A new audit says the state could be doing a better job of regulating oil and gas drilling in Michigan.  The Michigan Auditor General's report says almost 70 percent of wells currently producing oil and gas are not being inspected as frequently as the state had planned. Also, it says the department needs to better document and report environmental violations.

Brine Investigation To Proceed

Sep 13, 2013

Some residents in northern Michigan are upset about the practice of spraying liquid waste from oil and gas wells on dirt roads. County Road Commissions have been doing that for decades to control road dust. But an incident this summer has critics accusing state officials of failing to protect human health.

Falls Short
In Benzie County, in June, a county official decided to test the water being sprayed on the dirt roads. It tested at levels way above limits to protect human health from cancer causing chemicals.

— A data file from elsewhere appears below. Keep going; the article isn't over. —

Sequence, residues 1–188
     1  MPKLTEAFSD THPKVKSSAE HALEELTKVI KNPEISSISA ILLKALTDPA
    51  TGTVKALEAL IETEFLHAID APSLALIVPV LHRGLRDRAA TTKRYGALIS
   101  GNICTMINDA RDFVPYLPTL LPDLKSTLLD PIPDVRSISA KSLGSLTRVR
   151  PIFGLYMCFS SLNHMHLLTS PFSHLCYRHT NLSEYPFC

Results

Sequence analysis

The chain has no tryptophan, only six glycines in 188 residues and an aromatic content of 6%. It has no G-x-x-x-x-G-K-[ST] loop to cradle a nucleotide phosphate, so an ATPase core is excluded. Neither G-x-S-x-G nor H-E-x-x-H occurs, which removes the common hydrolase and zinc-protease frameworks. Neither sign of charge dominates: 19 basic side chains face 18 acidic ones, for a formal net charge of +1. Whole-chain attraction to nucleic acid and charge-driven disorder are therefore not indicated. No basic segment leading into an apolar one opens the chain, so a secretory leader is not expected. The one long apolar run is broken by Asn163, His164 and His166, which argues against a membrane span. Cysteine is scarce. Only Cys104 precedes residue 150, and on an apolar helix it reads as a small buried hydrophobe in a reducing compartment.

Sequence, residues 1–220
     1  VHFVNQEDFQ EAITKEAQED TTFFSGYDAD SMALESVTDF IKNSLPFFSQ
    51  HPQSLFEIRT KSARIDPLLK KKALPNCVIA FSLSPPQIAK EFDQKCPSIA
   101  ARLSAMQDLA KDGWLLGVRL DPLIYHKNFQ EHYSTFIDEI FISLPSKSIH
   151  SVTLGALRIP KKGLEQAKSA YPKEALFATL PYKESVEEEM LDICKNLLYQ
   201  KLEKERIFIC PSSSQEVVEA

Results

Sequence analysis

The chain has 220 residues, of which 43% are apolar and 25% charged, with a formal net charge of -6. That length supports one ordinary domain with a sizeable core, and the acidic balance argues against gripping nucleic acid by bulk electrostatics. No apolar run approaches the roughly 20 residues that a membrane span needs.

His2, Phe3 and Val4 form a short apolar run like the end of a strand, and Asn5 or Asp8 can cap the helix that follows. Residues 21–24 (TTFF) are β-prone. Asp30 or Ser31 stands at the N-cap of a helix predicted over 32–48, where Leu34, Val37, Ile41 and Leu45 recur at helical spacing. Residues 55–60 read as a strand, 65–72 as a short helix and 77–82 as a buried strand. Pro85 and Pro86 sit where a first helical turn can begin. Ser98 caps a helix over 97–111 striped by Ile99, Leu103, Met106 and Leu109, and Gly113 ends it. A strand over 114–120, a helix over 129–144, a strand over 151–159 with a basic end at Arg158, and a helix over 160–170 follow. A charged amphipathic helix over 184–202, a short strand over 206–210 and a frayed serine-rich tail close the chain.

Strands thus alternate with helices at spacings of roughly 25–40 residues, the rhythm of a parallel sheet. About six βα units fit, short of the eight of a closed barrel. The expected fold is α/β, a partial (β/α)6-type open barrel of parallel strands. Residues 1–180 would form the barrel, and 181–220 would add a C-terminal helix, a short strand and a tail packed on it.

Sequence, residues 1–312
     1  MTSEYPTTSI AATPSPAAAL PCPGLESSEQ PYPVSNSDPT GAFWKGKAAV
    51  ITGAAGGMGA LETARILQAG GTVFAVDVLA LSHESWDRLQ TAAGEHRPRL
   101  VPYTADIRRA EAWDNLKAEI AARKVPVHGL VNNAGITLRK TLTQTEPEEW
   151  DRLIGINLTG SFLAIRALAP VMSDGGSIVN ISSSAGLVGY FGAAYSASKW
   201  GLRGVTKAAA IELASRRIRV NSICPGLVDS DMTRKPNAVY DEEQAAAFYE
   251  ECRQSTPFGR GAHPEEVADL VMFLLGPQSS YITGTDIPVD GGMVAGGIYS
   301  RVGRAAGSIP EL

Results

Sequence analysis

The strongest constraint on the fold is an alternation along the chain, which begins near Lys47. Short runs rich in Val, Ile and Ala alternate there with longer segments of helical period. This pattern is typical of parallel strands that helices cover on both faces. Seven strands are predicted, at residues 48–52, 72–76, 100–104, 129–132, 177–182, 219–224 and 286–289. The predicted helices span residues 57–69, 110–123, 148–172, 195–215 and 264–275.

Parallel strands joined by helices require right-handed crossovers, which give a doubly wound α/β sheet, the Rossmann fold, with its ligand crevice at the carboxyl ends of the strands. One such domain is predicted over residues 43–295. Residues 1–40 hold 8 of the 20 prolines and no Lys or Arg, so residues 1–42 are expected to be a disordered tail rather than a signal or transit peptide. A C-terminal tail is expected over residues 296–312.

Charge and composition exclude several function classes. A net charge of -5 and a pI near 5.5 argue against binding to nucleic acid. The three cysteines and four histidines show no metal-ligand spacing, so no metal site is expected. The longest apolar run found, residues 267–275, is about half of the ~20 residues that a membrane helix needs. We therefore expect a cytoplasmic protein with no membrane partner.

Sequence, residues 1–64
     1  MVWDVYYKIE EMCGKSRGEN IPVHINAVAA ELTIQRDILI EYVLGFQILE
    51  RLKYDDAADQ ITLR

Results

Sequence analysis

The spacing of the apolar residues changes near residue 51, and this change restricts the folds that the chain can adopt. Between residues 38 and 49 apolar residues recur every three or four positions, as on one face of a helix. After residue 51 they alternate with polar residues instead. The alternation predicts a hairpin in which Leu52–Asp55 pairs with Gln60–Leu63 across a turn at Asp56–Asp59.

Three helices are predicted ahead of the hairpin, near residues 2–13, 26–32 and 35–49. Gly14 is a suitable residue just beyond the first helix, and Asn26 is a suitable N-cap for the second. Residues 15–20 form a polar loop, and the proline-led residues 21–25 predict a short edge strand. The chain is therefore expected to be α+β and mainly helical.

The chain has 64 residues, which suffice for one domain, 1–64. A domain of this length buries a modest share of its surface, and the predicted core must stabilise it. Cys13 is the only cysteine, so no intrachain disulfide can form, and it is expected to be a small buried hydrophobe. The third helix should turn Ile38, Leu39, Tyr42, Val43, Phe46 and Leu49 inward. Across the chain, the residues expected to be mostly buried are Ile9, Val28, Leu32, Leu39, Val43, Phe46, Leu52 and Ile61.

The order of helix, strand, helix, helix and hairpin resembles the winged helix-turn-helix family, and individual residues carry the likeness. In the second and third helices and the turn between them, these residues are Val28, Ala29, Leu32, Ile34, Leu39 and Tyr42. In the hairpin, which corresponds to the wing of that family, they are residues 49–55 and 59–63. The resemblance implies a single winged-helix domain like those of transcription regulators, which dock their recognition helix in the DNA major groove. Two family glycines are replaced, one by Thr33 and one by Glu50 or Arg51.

Earlier this summer, a Kalkaska company spread industrial waste on roads in Benzie County. The toxic contaminants were mixed with brine from oil wells that is used to keep down dust on gravel roads.

The pollutants tested way above what’s allowed for human contact. And some residents think the DEQ is treating the oil and gas industry with kid gloves.

Set of Coincidences

If Bryan Black hadn’t been out tending his garden one morning in early June, it’s likely nobody would even know about the toxic chemicals spread on nearby roads.

DEQ Cites Company for Road Brine Violation

Jul 31, 2013

State environmental regulators sent a notice of violation to a Kalkaska company last Friday.

The DEQ says the company, Team Services, violated its permit for applying brine from oil and gas drilling to keep down road dust in Benzie County.